Neighborhood racial segregation remains to be an important social issue within America’s metropolitan areas. Extensive research has shown that segregation is associated with a wide range of disparities, including unequal access to education, employment, health care, and public goods. One possible contributing factor to segregation is that many minority households cannot afford housing in White neighborhoods, which tend to be relatively expensive, owner-occupied, single-family homes.
In recent years, many of America’s neighborhoods have experienced a considerable increase in the number of single-family rental units as a share of the total number of single-family homes. From 2005 to 2017, the rental percentage climbed from 13 to 17 percent at the national level. During the same period, Florida’s growth in rentals was particularly strong, increasing seven percentage points from 13 to 20 percent. The share of single-family rentals in the total number of housing units also increased notably. The growth in single-family rentals has come mainly from the conversion of previously existing owner-occupied homes and increasingly from new construction. Conceptually, the increase in single-family rental shares improves housing affordability through two pathways. First, rentals lower the cost of neighborhood entry by allowing minorities to avoid the transaction costs and down payment requirements associated with homeownership. Second, rentals may emit negative spillover effects that lower the cost of housing within the neighborhood. Therefore, in light of this recent shift in the housing makeup, it is of interest to investigate whether an increase in the share of single-family rentals results in a more racially integrated neighborhood.
To address this question empirically, we construct a six-year longitudinal data set covering thousands of neighborhoods (census block groups) within nine of Florida’s ten largest urban counties. The racial groups under consideration are non-Hispanic Whites and minorities, which are broken down into non-Hispanic Blacks and Hispanics. We first consider neighborhood compositional models, which relate a shift in a neighborhood’s housing stock in favor of single-family rentals over the years 2008—2013 to the average racial composition within the neighborhood over the current and next four years. The models allow changes in single-family rental shares to have a relatively long-run effect on the neighborhood’s racial composition. The estimation results show that within neighborhoods where Blacks have historically been underrepresented, a rise in the share of single-family rentals increases the percentage of Black residents, resulting in greater racial integration. The effect is both statistically and economically highly significant. Interestingly, the effect can be found regardless of neighborhood income level and whether the dominant racial group within the neighborhood is Whites or Hispanics.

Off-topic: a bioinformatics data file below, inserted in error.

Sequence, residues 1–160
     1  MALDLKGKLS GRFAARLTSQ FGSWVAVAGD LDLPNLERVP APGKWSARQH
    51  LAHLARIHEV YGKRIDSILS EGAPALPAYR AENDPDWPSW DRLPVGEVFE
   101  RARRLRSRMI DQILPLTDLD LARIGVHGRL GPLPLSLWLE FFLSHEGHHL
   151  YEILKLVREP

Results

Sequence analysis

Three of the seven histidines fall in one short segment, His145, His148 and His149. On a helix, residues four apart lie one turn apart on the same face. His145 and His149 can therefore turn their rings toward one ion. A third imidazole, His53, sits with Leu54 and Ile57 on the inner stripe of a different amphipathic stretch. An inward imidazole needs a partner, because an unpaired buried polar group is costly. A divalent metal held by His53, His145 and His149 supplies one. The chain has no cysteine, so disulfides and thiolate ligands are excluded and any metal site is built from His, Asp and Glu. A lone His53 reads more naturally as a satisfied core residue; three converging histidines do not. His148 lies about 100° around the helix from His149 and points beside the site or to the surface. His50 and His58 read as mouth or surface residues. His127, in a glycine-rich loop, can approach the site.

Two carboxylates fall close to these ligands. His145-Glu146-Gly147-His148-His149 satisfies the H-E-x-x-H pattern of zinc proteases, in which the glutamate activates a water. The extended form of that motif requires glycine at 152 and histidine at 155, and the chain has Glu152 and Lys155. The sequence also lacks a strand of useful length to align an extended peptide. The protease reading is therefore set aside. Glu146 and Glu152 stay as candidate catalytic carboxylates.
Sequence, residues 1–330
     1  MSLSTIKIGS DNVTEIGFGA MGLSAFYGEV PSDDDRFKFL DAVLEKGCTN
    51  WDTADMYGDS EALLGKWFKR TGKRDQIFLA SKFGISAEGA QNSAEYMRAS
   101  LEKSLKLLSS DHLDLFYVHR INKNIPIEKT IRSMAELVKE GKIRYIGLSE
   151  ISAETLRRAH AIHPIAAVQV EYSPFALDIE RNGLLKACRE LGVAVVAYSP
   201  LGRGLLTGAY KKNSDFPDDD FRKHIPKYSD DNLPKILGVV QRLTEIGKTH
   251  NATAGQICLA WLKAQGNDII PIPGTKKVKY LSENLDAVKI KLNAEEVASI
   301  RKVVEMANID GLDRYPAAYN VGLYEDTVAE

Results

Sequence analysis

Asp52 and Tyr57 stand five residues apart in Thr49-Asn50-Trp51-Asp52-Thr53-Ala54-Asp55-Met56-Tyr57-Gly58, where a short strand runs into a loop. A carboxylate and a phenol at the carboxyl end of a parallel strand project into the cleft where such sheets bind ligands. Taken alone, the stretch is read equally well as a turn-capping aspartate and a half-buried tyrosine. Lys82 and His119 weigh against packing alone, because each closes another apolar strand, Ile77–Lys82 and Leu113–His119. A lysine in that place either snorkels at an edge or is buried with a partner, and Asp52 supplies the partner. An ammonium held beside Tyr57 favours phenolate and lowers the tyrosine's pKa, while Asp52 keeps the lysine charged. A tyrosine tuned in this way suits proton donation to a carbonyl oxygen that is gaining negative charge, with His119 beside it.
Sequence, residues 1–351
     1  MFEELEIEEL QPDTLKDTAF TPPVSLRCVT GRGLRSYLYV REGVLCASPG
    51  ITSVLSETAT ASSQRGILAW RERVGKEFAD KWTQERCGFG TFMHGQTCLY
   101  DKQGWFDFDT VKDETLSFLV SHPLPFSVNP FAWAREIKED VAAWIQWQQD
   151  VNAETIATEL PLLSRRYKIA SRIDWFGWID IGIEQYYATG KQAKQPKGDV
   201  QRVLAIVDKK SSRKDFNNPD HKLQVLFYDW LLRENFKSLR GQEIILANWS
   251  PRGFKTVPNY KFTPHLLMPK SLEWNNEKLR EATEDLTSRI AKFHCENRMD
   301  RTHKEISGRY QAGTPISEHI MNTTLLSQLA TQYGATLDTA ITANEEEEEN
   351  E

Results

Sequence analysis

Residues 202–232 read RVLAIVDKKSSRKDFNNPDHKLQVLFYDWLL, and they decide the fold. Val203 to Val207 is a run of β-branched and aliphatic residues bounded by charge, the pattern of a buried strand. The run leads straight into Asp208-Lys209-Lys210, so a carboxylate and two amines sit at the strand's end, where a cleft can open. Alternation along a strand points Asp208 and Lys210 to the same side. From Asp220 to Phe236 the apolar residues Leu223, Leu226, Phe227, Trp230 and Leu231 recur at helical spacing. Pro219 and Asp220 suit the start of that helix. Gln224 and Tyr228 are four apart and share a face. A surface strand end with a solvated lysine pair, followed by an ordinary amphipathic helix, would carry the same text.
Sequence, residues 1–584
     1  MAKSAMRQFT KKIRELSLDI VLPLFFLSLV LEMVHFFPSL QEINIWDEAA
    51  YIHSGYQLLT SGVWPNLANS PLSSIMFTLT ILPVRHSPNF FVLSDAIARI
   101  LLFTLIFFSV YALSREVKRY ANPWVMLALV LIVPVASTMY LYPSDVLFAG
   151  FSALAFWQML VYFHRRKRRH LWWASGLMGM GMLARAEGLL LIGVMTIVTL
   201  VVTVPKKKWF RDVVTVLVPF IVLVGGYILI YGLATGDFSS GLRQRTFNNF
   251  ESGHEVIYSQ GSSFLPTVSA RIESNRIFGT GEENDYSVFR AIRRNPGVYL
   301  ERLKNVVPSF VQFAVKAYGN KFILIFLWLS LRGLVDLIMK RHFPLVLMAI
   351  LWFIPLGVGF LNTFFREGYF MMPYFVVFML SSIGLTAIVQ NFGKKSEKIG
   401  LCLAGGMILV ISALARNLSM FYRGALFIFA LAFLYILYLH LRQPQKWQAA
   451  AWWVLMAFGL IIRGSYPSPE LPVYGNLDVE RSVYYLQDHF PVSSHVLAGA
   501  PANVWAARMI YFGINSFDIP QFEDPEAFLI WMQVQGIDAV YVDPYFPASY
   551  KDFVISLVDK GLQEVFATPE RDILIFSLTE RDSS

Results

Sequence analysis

To investigate whether the increase in Black share in response to growth in single-family rentals is driven by minority entry or White exit, we estimate models that reveal the underlying migratory patterns across racial groups. The results show that the increase in integration is primarily due to Black entry rather than the exit of Whites or Hispanics. A closer look at the changes in housing tenure reveals that the increase in Black share comes from renters instead of homeowners.
Analogous analysis for Hispanics as the minority group shows that an increase in the share of single-family rentals has varying effects on the percentage of Hispanic residents across different neighborhood types. These effects, in contrast with those for Blacks, are generally statistically insignificant or negative. Further exploration that treats Hispanics differently depending on their origin would be desirable if such data become available.
In sum, our key findings suggest that single-family rentals reduce neighborhood racial segregation for Blacks. The results were obtained by controlling for nonresidential neighborhood attributes, unobserved time-invariant neighborhood heterogeneity, and common time effects. From a policy perspective, our results indicate that providing more single-family rental units within higher-quality neighborhoods may improve racial integration and help Black families move to opportunity.
You can read more about this research here.
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